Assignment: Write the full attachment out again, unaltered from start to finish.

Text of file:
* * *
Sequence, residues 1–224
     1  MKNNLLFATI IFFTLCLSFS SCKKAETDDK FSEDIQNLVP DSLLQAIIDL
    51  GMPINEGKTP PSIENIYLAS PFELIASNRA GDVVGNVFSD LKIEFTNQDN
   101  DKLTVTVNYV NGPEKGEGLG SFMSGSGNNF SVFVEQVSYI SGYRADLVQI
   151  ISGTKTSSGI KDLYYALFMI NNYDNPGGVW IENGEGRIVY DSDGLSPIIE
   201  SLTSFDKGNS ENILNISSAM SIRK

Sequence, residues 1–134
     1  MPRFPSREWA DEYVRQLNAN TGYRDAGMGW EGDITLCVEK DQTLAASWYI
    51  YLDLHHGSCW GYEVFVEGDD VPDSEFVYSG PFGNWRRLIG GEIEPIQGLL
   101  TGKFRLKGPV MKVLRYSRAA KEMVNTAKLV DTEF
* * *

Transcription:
Sequence, residues 1–224
     1  MKNNLLFATI IFFTLCLSFS SCKKAETDDK FSEDIQNLVP DSLLQAIIDL
    51  GMPINEGKTP PSIENIYLAS PFELIASNRA GDVVGNVFSD LKIEFTNQDN
   101  DKLTVTVNYV NGPEKGEGLG SFMSGSGNNF SVFVEQVSYI SGYRADLVQI
   151  ISGTKTSSGI KDLYYALFMI NNYDNPGGVW IENGEGRIVY DSDGLSPIIE
   201  SLTSFDKGNS ENILNISSAM SIRK

Sequence, residues 1–134
     1  MPRFPSREWA DEYVRQLNAN TGYRDAGMGW EGDITLCVEK DQTLAASWYI
    51  YLDLHHGSCW GYEVFVEGDD VPDSEFVYSG PFGNWRRLIG GEIEPIQGLL
   101  TGKFRLKGPV MKVLRYSRAA KEMVNTAKLV DTEF